by Libba Bray
Ah, Christmas! Gemma Doyle is looking forward to a holiday from Spence Academy, spending time with her friends in the city, attending ritzy balls, and on a somber note, tending to her ailing father. As she prepares to ring in the New Year, 1896, a handsome young man, Lord Denby, has set his sights on Gemma, or so it seems. Yet amidst the distractions of London, Gemma’s visions intensify–visions of three girls dressed in white, to whom something horrific has happened, something only the realms can explain…
The lure is strong, and before long, Gemma, Felicity, and Ann are turning flowers into butterflies in the enchanted world of the realms that Gemma alone can bring them to. To the girls’ great joy, their beloved Pippa is there as well, eager to complete their circle of friendship.
But all is not well in the realms–or out. The mysterious Kartik has reappeared, telling Gemma she must find the Temple and bind the magic, else great disaster will befall her. Gemma’s willing to do his intrusive bidding, despite the dangers it brings, for it means she will meet up with her mother’s greatest friend–and now her foe, Circe. Until Circe is destroyed, Gemma cannot live out her destiny. But finding Circe proves a most perilous task.
So what can I say about this book but that it is intense. So intense. I love it. Every page.
The girls have all grown and changed, and continue to grow and change. Things get darker. So much darker.
Gemma still makes mistakes. It’s one of my favourite things about her. That she is prone to quick decisions or waffling, things that might go wrong. But her heart is in the right place. She is unsure of her own place and her own power. In trying to make her friends’ and family’s lives better, she is trying to wrest the control she doesn’t feel over her own life back. Everything is just spiralling – but I love that by the end she pulls herself together to do what she must. She keeps doing that, even in her moments of extreme doubt and fear. She is strong, she just doesn’t see it.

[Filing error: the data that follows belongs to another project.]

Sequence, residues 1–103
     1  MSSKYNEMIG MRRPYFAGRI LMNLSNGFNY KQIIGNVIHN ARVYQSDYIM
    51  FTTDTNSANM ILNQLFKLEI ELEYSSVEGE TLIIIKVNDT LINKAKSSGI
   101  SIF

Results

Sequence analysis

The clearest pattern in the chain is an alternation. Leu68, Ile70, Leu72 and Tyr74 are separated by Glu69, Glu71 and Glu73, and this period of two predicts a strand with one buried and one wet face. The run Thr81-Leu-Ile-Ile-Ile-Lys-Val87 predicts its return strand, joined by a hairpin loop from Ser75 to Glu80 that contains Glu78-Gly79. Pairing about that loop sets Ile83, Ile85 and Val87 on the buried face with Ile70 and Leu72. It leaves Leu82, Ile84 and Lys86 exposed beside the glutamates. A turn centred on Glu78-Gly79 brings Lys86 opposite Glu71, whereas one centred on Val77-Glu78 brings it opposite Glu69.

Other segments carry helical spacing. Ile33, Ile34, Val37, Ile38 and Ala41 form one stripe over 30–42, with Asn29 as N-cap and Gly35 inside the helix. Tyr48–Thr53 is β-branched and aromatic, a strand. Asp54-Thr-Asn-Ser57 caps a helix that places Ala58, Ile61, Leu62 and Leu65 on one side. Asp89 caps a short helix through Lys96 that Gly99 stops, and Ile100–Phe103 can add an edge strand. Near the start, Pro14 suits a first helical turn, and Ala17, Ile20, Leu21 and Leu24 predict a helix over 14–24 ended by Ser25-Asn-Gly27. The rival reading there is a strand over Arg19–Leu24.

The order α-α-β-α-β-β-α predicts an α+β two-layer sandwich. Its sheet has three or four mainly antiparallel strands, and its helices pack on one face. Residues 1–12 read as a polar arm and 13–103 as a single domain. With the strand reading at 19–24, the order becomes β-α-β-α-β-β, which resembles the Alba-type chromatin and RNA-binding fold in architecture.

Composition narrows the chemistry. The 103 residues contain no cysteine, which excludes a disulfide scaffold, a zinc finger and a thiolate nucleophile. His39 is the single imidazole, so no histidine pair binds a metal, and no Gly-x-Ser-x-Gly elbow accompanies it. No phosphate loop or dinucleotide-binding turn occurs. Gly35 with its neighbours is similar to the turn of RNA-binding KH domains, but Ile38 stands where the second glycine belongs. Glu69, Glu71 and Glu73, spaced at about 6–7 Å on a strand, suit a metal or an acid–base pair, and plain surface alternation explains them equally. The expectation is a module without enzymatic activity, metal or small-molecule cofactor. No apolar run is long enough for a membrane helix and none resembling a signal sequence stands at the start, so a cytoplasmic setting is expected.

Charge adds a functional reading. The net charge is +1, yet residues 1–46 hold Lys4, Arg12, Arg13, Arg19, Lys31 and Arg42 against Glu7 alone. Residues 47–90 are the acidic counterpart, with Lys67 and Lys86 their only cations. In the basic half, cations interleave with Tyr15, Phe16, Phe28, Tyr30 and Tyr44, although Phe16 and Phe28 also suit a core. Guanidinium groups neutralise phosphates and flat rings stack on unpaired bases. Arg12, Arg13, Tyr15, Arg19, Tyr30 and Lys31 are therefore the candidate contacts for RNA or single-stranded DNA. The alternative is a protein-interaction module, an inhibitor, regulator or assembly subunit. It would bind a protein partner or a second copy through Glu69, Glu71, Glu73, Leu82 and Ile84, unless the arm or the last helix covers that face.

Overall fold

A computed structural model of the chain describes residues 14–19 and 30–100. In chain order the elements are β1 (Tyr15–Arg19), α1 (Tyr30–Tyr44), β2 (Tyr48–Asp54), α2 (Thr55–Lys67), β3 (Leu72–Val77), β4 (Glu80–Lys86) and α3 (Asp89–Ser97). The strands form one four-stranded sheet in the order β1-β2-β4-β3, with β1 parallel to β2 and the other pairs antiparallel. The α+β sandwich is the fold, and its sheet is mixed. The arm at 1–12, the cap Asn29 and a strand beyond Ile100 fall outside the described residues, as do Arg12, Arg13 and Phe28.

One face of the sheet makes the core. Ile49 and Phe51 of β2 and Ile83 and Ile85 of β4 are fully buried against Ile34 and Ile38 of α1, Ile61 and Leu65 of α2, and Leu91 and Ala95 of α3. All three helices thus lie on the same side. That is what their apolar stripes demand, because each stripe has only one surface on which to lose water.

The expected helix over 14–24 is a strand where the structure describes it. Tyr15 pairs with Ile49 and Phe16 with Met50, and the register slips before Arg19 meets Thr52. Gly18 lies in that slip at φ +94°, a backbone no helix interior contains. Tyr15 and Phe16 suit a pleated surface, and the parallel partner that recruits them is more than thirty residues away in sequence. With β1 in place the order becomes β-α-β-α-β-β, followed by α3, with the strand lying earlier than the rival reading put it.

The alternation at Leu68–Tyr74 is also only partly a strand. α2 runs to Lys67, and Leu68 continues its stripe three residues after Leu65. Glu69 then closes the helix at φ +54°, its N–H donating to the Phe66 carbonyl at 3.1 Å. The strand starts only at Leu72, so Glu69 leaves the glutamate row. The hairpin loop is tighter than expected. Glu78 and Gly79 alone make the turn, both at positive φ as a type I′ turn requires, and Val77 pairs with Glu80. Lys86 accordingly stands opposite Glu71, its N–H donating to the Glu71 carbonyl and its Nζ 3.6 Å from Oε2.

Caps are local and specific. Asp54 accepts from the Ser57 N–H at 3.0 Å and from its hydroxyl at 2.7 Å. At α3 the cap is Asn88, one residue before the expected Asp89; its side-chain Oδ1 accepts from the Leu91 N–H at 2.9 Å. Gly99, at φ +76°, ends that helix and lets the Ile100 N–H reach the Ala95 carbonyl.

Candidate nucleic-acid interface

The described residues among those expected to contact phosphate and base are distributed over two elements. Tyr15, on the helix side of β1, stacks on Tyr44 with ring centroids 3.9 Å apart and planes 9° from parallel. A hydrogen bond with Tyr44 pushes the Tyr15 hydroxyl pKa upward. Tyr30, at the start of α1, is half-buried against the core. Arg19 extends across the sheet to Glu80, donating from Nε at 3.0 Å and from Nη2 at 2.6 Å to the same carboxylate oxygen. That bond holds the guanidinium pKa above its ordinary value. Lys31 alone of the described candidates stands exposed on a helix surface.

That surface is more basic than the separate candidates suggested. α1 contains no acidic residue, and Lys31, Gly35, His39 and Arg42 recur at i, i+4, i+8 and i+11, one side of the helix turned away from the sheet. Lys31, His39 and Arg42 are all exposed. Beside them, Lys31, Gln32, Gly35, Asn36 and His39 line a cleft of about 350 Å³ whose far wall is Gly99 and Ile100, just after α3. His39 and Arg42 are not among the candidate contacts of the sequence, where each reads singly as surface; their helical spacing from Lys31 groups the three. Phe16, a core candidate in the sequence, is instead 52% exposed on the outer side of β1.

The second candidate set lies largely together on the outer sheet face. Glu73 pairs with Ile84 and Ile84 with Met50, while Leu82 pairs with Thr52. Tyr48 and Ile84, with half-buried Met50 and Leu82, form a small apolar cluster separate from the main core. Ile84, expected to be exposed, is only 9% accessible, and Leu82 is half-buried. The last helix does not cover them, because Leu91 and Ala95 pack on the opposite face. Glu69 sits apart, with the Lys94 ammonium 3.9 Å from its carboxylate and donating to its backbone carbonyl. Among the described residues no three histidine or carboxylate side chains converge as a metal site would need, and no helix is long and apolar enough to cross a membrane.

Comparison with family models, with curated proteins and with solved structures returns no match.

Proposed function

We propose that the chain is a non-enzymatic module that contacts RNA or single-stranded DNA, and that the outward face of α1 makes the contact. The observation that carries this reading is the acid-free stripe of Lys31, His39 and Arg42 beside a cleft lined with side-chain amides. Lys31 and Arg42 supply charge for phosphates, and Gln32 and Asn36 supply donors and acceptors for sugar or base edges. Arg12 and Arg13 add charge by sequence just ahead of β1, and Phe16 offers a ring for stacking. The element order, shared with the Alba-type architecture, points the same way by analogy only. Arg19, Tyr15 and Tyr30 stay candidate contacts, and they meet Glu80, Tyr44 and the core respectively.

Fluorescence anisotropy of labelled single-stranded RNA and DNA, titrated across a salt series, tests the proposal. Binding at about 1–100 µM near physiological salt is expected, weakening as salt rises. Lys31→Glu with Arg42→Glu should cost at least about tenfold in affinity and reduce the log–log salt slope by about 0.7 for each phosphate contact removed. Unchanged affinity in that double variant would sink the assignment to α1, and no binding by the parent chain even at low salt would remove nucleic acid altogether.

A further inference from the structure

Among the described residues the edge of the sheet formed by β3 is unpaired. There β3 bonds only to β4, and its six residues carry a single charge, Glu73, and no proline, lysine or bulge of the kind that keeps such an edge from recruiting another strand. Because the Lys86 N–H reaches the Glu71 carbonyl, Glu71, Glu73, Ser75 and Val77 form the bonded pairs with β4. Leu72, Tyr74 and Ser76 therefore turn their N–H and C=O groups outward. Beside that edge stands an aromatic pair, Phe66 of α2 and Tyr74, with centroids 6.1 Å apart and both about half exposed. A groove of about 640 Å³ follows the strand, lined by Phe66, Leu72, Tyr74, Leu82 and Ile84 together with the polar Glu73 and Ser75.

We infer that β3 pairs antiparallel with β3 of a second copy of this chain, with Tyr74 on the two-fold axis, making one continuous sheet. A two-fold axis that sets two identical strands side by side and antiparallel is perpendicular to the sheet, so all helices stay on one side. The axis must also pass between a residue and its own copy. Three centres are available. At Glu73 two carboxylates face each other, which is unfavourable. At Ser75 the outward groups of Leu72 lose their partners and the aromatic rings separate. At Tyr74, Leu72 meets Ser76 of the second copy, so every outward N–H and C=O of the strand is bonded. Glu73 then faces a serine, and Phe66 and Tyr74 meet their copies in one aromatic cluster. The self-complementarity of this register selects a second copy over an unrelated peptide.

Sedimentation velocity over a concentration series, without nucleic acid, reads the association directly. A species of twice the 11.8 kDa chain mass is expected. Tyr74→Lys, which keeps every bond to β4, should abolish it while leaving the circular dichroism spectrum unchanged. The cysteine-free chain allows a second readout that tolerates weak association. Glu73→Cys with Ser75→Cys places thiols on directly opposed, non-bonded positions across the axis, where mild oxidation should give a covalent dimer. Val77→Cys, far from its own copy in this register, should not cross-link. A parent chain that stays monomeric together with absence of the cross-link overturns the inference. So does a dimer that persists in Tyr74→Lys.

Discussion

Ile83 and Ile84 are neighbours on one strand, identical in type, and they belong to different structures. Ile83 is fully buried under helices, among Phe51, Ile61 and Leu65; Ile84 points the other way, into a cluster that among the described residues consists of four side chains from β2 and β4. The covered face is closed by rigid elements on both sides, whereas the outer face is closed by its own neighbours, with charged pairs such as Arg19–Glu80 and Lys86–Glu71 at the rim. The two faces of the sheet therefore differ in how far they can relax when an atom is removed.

Not going to lie, though, at times I want to smack Felicity for how much she parallels Sarah/Circe. She resents Gemma a bit for her power, but she is also loyal and strong. And learning her history just makes me so sad. No wonder she wants to feel powerful, to have control over her life. It is so sad. I want so badly for her friendships with Gemma and Ann to help her heal, as the learning to defend herself obviously does.
I feel bad for Ann. Her lot in life never gets better, but I love that there are moments when defiance does spark in her. Those are my favourite moments. She is better than the hoity-toity society she wishes to be a part of by far. The tiny spark of this can be seen when she gives Felicity’s cloak to Franny, or when she is magnanimous with Cecily. And she is not after power, she just desires more than her life.
Pippa. Pippa, Pippa, Pippa. I was shocked, to say the least, dismayed, but – as much as I hated it, there are hints throughout the novel that things were different with her. I just hoped they had not been that different.
It took me a while to realise the Miss Moore and Miss McCleethy twists, and when I did I wanted to reach into the novel and just tell Gemma to be careful! Be careful with your trust and your heart, be it with the teachers or with the men.
Such a good novel. I cannot wait to see how Gemma goes on from here in her battle with the Order and the Rakshana.